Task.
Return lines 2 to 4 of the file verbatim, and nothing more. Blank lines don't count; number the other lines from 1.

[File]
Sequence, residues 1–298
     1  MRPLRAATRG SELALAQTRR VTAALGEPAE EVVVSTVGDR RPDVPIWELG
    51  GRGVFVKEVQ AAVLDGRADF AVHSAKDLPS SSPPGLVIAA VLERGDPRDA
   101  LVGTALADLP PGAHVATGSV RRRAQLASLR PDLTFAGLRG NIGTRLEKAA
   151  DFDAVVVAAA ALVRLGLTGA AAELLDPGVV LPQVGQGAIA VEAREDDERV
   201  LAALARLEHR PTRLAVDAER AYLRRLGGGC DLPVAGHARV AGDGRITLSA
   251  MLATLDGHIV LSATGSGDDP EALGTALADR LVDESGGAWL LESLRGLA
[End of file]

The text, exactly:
     1  MRPLRAATRG SELALAQTRR VTAALGEPAE EVVVSTVGDR RPDVPIWELG
    51  GRGVFVKEVQ AAVLDGRADF AVHSAKDLPS SSPPGLVIAA VLERGDPRDA
   101  LVGTALADLP PGAHVATGSV RRRAQLASLR PDLTFAGLRG NIGTRLEKAA